Apple’s [AAPL] share price has rebounded spectacularly since wiping out $254bn off its market cap during the pandemic outbreak between February and March.
Its share price has climbed 65% from its deepest low of $223.76 on 23 March to reach a high of $373.85 on 6 July.
Apple’s share price repeatedly beat all-time highs throughout June, breaking above $352.08 on 16 June before hitting a record high of $366.53 on 23 June.
Given that Apple’s share price has trended far above the $200 level for a year now, is it considered overvalued?
What’s driving Apple’s share price?
Apple’s share price gains boosted its market valuation to a record $1.639trn as of 7 July, making it greater than the combined market caps of Facebook [FB], Netflix [NFLX] and Tesla [TSLA] at the time.
In fact, the gains over the second quarter mark “the biggest value spike in the annals of world capitalism,” according to Fortune.
Apple’s share price spike was supported by a slew of announcements made at its Worldwide Developer Conference in late June, where Tim Cook, CEO of Apple, highlighted people’s burgeoning reliance on the company’s products.
The tech giant confirmed that it would put custom processors in MacBooks and promised deeper integration among its operating systems.
Analysts felt the annual event provided reassurance that the company was still driving innovation, according to MarketWatch.
“Perhaps the biggest takeaway from today’s event was the reassurance that Apple is still driving innovation and new ways to use technology hardware and software,” Wamsi Mohan of Bank of America said in a note, according to MarketWatch.
“Perhaps the biggest takeaway from today’s event was the reassurance that Apple is still driving innovation and new ways to use technology hardware and software” - Wamsi Mohan of Bank of America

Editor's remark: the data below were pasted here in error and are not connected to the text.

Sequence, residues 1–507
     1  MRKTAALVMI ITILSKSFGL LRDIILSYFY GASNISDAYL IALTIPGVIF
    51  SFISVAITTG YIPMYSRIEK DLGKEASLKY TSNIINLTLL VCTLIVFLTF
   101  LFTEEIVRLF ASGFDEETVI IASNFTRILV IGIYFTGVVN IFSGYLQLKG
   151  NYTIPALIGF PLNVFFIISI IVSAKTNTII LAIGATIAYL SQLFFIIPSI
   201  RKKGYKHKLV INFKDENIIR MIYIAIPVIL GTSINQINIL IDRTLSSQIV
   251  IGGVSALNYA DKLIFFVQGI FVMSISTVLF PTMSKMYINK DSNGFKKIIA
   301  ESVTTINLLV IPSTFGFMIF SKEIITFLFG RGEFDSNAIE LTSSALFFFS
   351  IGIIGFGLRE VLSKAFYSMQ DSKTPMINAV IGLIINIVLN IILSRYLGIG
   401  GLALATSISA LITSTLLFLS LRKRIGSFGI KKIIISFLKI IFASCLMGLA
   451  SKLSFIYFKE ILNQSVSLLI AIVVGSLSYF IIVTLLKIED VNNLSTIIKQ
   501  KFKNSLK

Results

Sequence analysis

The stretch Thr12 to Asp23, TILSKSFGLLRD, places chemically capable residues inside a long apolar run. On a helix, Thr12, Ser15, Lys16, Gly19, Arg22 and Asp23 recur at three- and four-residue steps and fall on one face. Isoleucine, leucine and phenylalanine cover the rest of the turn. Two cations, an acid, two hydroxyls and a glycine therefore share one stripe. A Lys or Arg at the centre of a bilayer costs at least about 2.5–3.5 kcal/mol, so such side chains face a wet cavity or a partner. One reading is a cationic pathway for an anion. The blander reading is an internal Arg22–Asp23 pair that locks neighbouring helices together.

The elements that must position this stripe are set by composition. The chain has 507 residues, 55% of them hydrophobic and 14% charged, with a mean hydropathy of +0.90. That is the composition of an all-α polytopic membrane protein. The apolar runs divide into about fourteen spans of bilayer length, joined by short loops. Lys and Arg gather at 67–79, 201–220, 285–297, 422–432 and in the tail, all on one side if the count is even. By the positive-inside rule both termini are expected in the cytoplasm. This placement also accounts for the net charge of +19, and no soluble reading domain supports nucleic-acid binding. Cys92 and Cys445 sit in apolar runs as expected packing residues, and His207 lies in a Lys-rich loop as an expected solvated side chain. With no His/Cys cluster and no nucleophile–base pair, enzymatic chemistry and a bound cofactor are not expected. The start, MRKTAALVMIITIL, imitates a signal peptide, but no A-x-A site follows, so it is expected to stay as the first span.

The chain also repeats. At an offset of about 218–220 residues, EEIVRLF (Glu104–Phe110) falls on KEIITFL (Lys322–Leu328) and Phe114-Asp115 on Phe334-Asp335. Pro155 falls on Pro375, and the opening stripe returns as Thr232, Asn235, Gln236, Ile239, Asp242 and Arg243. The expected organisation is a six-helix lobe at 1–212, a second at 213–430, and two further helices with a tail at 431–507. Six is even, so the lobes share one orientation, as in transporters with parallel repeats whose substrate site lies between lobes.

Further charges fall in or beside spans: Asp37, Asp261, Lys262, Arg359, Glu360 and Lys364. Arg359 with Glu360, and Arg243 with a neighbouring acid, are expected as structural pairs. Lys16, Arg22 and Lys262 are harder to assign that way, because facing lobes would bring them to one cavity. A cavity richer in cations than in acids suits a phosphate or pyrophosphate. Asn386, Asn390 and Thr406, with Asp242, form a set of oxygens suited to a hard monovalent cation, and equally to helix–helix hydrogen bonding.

Other analysts impressed with Apple’s announcements included Tim Arcuri, an analyst at UBS, who kept a buy rating on the stock but upped his price target to $400 from $325.
He said the event marked “a continuation of its strategy of vertical integration following years of convergence in its mobile and MacOS”. Elsewhere, Andrew Uerkwitz, equity researcher at Oppenheimer, reiterated an outperform rating and $320 target price.
Is Apple’s share price sustainable?
Many will question whether the promise of deeper integration across its business is enough to keep Apple growing.
Over the last five years, Apple has been able to deliver a roughly 20% return because its shares were relatively cheap, according to Fortune.
Back in March 2015, its P/E multiple was as low as 15. As of 7 July, however, it stands at near 29.72, which makes it unlikely that investors or traders will see similar growth in coming years.
“The new Apple math, dictated by its current high price that makes a higher P/E unlikely and buybacks less potent, points to future returns that are about one-third of its 20% gains over the past five years,” Shawn Tully wrote in Fortune.
“Of course, it’s possible that Apple will expand profits a lot faster…Its champions cite strong growth in its wearables and services franchises. On the negative side, sales in its flagship iPhones, and total profits, declined in the March quarter.”
“Of course, it’s possible that Apple will expand profits a lot faster…Its champions cite strong growth in its wearables and services franchises. On the negative side, sales in its flagship iPhones, and total profits, declined in the March quarter” - Shawn Tully
iPhone 12 performance
In the more immediate future, Apple’s upcoming release of the iPhone 12 with 5G upgrades is what will likely drive its stock further up, or drag it back to reality.
Daniel Ives, an analyst at Wedbush, believes that Apple’s stock could eventually hit the $500 mark if pent-up demand drives iPhone 12 sales and China sales rebound, MarketWatch reported. Ives says the stock has a “lot of gas left in the tank” and recently lifted its price target to $425 from $375, the Motley Fool reported.
Releasing the new range of phones during the aftershock of the pandemic may also have some in-built difficulties, however.
“The big question is how the coronavirus might impact the iPhone 12 launch,” Louis Navellier, wrote in InvestorPlace, citing production delays and the reopening of Apple Stores as headwinds.
“Then there’s the question of whether consumers suffering through months of record unemployment will have the money to shell out for an expensive new iPhone.”
“Then there’s the question of whether consumers suffering through months of record unemployment will have the money to shell out for an expensive new iPhone” - Louis Navellier